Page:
by Rob Williams on May 17, 2010 in Graphics & Displays
When AMD launched its ATI Eyefinity technology, it helped redefine high-end gaming, and effectively made 2560×1600 look like child’s play. In this article, we put the technology to a good test across 18 different games and on both 3×1 (5760×1080) and 3×2 (5760×2160) display configurations to see just how worthy Eyefinity is.
When the original Call of Duty game launched in 2003, Infinity Ward was an unknown. Naturally… it was the company’s first title. But since then, the series and company alike have become household names. Not only has the series delivered consistently incredible gameplay, it’s pushed the graphics envelope with each successive release, and where Modern Warfare is concerned, it’s also had a rich storyline.
The first two titles might have been built on the already-outdated Quake III engine, but since then, the games have been built with improved graphical features, capable of pushing the highest-end PCs out there. Modern Warfare 2 is the first such exception, as it’s more of a console port than a true PC title. Therefore, the game doesn’t push PC hardware as much as we’d like to see, but despite that, it still looks great, and lacks little in the graphics department. You can read our review of the game here.
I have to admit that it’s a bit ironic that we’re beginning with this title, because of all we tested with, this one is one of the few that doesn’t support Eyefinity well at all. At 5760×2160, the game for the most part is fine, and generally everything looks good. But it wasn’t until I tested the game out at 5760×1080 that I realized just how poorly designed the game is.
As you can see in the bottom screenshot above, the game doesn’t scale across three monitors well at all, as the entire game is literally squished. On six monitors, the issue really isn’t noticeable because it has a far more natural aspect ratio. On three displays, though, there’s zero point to loading the game up as the result is ugly, and headache-inducing.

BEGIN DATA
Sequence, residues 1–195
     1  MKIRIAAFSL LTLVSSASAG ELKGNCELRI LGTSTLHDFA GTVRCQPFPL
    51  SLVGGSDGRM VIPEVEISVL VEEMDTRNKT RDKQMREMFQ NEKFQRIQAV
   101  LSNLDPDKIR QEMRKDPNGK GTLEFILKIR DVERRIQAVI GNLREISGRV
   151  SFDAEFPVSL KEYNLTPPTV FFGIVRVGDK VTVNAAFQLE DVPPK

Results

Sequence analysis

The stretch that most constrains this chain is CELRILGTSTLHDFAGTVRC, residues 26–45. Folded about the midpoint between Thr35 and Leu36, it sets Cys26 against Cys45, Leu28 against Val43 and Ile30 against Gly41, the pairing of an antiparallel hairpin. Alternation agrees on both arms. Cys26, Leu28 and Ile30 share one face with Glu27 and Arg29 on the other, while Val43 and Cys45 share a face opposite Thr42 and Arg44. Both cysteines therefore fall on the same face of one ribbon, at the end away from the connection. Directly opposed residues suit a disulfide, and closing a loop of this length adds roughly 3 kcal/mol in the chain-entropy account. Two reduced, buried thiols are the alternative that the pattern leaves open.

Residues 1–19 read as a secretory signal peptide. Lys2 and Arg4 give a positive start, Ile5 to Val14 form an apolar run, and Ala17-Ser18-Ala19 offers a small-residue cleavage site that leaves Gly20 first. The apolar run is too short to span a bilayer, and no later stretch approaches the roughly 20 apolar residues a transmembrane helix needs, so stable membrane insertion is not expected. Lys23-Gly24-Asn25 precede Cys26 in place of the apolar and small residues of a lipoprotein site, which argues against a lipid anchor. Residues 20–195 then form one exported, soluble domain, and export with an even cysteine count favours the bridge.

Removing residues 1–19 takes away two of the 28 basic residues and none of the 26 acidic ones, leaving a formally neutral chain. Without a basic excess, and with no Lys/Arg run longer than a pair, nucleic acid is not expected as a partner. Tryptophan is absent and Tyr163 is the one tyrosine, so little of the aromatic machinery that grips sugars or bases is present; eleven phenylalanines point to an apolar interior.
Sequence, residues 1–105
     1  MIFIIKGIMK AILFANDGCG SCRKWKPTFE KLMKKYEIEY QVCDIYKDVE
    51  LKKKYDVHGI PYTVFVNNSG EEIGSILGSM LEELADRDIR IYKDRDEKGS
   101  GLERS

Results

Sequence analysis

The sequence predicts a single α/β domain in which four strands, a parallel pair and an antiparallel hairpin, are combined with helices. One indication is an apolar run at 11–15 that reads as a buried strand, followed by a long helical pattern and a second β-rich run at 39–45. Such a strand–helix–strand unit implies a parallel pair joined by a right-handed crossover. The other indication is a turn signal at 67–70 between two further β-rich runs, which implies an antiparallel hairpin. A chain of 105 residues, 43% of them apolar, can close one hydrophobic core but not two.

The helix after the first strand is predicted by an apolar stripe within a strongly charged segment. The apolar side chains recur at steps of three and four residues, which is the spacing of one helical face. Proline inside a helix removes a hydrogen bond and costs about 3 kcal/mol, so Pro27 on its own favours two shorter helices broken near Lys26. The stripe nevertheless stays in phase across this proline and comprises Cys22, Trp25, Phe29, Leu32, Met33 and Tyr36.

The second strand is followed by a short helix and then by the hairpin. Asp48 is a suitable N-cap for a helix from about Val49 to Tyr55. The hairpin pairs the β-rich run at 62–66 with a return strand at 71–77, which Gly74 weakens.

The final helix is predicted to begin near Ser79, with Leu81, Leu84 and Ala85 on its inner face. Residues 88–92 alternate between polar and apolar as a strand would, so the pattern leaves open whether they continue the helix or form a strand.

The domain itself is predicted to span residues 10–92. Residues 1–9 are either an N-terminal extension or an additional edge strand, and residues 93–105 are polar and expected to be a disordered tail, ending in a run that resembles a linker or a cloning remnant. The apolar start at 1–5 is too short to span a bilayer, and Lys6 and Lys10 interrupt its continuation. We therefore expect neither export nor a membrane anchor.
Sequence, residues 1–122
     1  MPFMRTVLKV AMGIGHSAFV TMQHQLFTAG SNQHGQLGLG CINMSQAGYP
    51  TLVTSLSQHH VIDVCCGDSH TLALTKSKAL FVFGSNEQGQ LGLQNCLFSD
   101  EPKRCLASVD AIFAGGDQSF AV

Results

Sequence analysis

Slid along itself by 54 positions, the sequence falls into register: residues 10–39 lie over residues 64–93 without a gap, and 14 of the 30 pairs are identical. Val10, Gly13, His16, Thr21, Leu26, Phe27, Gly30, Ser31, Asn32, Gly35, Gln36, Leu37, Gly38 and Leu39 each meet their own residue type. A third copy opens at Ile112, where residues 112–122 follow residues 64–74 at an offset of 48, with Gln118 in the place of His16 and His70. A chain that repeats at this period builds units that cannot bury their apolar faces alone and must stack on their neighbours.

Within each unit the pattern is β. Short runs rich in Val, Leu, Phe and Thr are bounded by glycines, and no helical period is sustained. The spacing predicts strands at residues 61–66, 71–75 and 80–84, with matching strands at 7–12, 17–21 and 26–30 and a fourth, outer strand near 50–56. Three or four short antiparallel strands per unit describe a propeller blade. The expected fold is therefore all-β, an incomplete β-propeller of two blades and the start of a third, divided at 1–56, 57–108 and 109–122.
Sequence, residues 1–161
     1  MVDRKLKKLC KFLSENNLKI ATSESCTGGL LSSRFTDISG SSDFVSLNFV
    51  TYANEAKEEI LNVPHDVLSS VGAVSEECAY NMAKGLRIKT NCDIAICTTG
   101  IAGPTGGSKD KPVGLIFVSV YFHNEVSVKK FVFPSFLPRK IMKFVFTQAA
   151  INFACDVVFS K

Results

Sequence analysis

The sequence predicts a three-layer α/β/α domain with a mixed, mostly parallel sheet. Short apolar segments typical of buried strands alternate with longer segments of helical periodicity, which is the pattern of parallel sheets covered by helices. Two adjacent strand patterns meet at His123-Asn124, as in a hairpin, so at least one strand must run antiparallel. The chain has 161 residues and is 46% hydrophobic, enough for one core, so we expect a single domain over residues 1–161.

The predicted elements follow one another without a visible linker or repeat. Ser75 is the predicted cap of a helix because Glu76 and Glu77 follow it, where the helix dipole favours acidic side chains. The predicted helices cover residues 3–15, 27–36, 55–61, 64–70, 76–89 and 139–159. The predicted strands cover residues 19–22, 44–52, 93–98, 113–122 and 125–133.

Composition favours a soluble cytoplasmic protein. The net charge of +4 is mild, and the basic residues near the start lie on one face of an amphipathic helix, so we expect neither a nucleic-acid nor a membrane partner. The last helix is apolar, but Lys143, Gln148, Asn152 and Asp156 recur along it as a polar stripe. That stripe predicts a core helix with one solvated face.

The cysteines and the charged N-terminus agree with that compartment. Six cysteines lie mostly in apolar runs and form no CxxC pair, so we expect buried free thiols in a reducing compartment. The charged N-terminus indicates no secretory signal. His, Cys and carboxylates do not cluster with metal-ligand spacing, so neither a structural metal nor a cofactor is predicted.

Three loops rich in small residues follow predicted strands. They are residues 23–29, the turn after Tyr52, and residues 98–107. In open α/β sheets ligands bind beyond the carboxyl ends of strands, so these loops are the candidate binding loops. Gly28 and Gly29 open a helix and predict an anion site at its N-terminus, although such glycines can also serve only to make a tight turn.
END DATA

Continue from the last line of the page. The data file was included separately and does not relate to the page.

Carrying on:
Manual Run-through: The level chosen is the 10th mission in the game, “The Gulag”. Our teams fly in helicopters up to an old prison with the intention of getting closer to finding the game’s villain, Vladimir Makarov. Our saved game file begins us at the point when the level name comes on the screen, right before we reach the prison, and it ends after one minute of landing, following the normal progression of the level. The entire run takes around two-and-a-half minutes.
All of our configurations worked rather well, even a single GPU at 5760×2160. At 38 FPS on average, the gameplay wasn’t silky-smooth, but it was far from being unplayable. With that performance, I had no trouble with the gameplay, so if I had to choose to stick with the graphics settings or lower them, I would stick with them. If you prefer the highest FPS possible and only have a single GPU, disabling the anti-aliasing will make a rather sizable difference.
5760×1080 – Single GPU
Max Detail, 4xAA *
5760×1080 – Dual GPU
Max Detail, 4xAA *
5760×2160 – Single GPU
Max Detail, 4xAA
5760×2160 – Dual GPU
Max Detail, 4xAA
| * In a 3×1 configuration, this title’s graphics are squished and headache-inducing. We don’t recommend running the game this way.|
Since the game was completely playable throughout all of our configurations at the game’s maxed-out settings, our best playable perfectly equal our results from the graph above.